UC Davis, LEEDing the way to a brighter future

Upon the very first glimpse of the UC Davis campus on the central valley skyline, it’s likely that freeway passerby and prospective and current students alike will have seen the modern-esque facilities located on the Interstate 80 face of campus — The Mondavi Center for the Performing Arts and the North and South Mondavi Institute (RMI) buildings. These structures, which were built with the help of a $35 million donation by viticulture tycoon Robert Mondavi and his wife Margrit, attract an undeniable amount of attention from artistic thrill-seekers and viticulture experts alike.

“UC Davis has been a true partner in building the international reputation of the California wine industry,” said Robert Mondavi in an interview posted on the UC Davis RMI homepage. “California wines are equal to the world’s best in quality, diversity and excitement. We are now leading the way with UC Davis graduates at the helm of many of our finest wineries. We are greatly honored to support UC Davis with new facilities that ensure its position as the world’s leading educational center for viticulture, enology and food science.”

Acting as more than just additions to an attractive campus, the rust-colored RMI North and RMI South buildings, which add a pinch of aesthetic bling to the UC Davis gateway, are in fact a part of UC Davis’ groundbreaking sustainability efforts that have garnered both international praise and noteworthy certification. Additionally, July of 2010 saw the opening of a revolutionary adjunct to these collegiate sustainability efforts in the form of the UC Davis Research and Teaching Winery.

These “green” facilities, all of which traditionally harbor laboratories and offices exclusive to the various nutrition, food science, food chemistry and viticulture majors, are an entirely new breed of collegiate facility. The Robert Mondavi Institutes of Wine and Food Science are some of the first collegiate facilities to be LEED certified, and the winery itself is one of the first buildings in the world to be furnished with the elite LEED Platinum certification, the highest possible ranking given to sustainable architecture.

LEED (Leadership in Energy and Environmental Design) is an internationally-recognized green building construction standards agency that measures the sustainability of materials used and overall structural design of a building.

“The new teaching and research winery and vineyard are game-changers for the winemaking and grape growing program at UC Davis,” said Andrew Waterhouse, a renowned UC Davis viticulture chemist, in a press release. “They will help California winemaking advance dramatically in both quality and sustainability.”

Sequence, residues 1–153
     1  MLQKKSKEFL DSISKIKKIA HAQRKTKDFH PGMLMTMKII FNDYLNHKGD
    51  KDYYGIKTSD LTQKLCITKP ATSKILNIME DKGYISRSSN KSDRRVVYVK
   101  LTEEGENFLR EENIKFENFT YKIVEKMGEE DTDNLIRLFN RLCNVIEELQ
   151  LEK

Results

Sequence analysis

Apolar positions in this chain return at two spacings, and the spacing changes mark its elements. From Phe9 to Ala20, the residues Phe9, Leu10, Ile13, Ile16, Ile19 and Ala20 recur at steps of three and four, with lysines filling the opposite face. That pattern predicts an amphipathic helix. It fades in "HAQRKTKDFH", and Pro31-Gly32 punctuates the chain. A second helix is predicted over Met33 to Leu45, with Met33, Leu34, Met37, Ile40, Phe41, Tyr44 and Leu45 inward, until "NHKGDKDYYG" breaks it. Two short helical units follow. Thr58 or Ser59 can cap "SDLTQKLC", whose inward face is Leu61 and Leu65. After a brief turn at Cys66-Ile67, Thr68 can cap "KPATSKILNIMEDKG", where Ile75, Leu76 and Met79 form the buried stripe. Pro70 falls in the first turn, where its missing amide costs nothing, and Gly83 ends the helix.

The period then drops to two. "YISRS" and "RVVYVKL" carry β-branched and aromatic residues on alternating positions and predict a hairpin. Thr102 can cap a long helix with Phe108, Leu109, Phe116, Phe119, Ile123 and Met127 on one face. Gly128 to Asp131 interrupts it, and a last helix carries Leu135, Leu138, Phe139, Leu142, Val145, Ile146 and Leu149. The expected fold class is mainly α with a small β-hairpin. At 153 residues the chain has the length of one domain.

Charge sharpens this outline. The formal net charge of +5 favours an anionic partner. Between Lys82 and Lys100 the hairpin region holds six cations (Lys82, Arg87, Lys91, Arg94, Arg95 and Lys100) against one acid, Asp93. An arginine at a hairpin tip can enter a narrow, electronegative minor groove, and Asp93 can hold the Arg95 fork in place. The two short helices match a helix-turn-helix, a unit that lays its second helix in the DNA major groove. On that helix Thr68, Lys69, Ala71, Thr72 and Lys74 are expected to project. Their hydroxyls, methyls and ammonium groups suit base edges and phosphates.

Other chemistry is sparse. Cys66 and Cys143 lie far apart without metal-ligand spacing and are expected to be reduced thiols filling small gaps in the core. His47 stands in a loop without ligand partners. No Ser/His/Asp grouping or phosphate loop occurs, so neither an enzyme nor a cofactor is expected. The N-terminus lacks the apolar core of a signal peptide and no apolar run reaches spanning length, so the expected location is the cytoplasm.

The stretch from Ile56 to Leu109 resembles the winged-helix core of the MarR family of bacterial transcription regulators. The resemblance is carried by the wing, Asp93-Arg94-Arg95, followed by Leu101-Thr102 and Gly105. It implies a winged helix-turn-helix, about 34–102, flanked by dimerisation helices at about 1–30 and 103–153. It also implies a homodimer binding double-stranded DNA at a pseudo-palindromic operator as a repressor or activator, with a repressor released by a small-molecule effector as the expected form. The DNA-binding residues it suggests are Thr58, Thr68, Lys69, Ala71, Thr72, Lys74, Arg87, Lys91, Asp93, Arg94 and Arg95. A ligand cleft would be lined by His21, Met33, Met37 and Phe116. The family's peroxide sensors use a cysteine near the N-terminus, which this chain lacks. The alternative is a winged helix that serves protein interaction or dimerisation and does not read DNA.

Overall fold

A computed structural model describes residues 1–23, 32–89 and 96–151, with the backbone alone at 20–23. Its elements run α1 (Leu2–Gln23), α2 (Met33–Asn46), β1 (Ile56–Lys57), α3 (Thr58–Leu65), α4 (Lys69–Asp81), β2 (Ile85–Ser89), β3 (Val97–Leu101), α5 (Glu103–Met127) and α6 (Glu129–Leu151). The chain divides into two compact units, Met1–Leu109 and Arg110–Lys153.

The new winery, designed for viticulture-based research, is continuously used as a testing ground for sustainability experimentations on viticulture techniques — water, soil, energy and computerization methods are enacted to conserve energy and maximize efficiency. The objective of the experimental winery is to assist in the development of streamlined practices that can be implemented across the entire wine industry.

“The ultimate goal is to make the winery entirely self-sustainable,” Waterhouse said. “The new Jackson building will contain systems that make it possible for the winery to be operated solely from rainwater, sequestered CO2 and solar energy. The Jackson will be the first certified UC Davis campus building to yield net zero energy, only the second in California.”

Waterhouse emphasized the fact that UC Davis-based facilities such as these are not only iconic of campus ingenuity and sustainability efforts, but also act to inspire a positive ripple effect of architectural inventiveness for viticulture centers on an international level.

“No other viticulture and enology research organization has a facility with these capabilities,” said David Block, vice chair of the UC Davis Department of Viticulture and Enology.

Over and above the sustainable approaches implemented by the RMI science facility and teaching winery, it’s crucial to note the pioneering viticultural techniques, methodologies and technologies that are employed within these buildings. To maximize the potential of the various brewing processes, an intricate, mathematically integrative series of smart-sensors responsible for meeting the meticulous desires of the wine-makers have been installed.

“The creation of these sensors involved applying complex mathematical procedures in order to extract precise measurements from an inherently ‘noisy’ (ambiguous) fermentation environment, and then transmitting that data to a secure computer server using the latest radio frequency technology,” said Roger Boulton in a press release regarding the specific benefits of the new RMI and wine teaching facilities. Boulton is a winery engineering expert and the Stephen Sinclair Scott Endowed Chair in Enology at UC Davis.

In the technological era in which we live, the search for “green” technology is irrefutably coupled with the imminent progression and pursuit of the technology itself. Sustainability, a concept that is paramount in the minds of consumers and producers alike, is an enduring expectation laced throughout the foundations of modern industry — a response to the caveat of global climate change. The UC Davis-based architectural and viticultural initiatives, which take further steps to increase efficiency and minimize industrial impact on climate, may very well lead the way in the pursuit of sustainable innovation in the global viticultural and enological industries.

EMILY SEFEROVICH can be reached at science@theaggie.org.

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